One of the most common additions to a comprehensive estate plan is a power of attorney. In fact, people often execute more than one power of attorney over the course of a lifetime. While a POA can be a very useful legal tool it can also be potentially dangerous when in the wrong hands. Sadly, the elderly are often taken advantage of by unscrupulous individuals and POAs are often used to accomplish this. To protect yourself, or an elderly loved one, from being victimized it is important to have a thorough understanding of how a POA operates and when one terminates.
A power of attorney is a legal arrangement that allows you, as the principal, to designate an agent who will have the legal authority to act on your behalf. The extent and type of authority you give your agent will depend on the type of POA you execute. A limited POA only gives your designated agent specific powers. For example, you could give your adult child POA to access and withdraw funds from a specific bank or financial account. A general POA, on the other hand, gives your designated agent almost total control and authority over your assets. With a general POA your agent can do things such as sell your assets, withdraw funds from accounts, purchase assets, and even obligate you under a contract.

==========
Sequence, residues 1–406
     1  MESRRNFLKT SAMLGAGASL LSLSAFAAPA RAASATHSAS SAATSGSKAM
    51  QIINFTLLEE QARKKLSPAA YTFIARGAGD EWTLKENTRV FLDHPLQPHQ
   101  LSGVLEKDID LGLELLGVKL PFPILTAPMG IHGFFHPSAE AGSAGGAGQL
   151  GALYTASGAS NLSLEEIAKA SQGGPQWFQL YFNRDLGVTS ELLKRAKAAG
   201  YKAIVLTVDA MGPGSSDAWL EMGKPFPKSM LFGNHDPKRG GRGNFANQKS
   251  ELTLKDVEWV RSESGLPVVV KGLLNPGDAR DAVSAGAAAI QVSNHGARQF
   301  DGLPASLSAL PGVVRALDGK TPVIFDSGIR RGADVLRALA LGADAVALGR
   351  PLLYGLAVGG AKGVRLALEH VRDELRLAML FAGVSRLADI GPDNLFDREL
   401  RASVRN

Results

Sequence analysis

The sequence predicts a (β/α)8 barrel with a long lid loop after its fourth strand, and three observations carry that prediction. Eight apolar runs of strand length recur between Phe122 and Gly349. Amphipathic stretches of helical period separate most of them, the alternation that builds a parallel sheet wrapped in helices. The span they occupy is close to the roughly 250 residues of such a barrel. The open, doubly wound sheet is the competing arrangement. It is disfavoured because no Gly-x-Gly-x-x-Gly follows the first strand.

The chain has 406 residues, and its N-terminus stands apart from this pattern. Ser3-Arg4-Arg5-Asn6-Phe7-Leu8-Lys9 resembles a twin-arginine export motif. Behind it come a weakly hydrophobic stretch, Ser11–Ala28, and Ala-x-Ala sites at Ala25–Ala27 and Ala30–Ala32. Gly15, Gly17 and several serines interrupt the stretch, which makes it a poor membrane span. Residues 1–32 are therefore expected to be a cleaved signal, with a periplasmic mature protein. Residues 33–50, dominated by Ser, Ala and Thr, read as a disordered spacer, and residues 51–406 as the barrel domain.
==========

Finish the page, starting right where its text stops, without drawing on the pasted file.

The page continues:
Knowing when and how your power of attorney terminates is another important thing to know before executing one. All POAs terminate upon the death of the principal. Traditionally, a POA terminated upon the incapacity of the principal; however, since that is often when a principal intends for a POA to work the law created the concept of a durable POA. A durable POA survives the incapacity of the principal. Individual state laws may vary; however, aside from the death of the principal some common reasons why a POA terminates include:
- Death of the principal
- The POA specifically provides a date for termination
- The POA specifies an event that causes it to terminate
- The purpose of the POA has been accomplished in the case of a limited POA
- The principal revokes the POA
- The agent dies or becomes incapacitated and the POA does not include a successor agent
As the principal you can revoke a POA at any time; however it is also important to know how or when your POA will terminate without revocation.
Latest posts by arlenec (see all)
- My Parent/Spouse Shows Early Signs of Dementia. Can We Still Do Medicaid Planning? - July 20, 2015
- What Happens to a Living Trust When One Spouse Dies? - July 13, 2015
- Medicaid Spousal Impoverishment Rules - July 7, 2015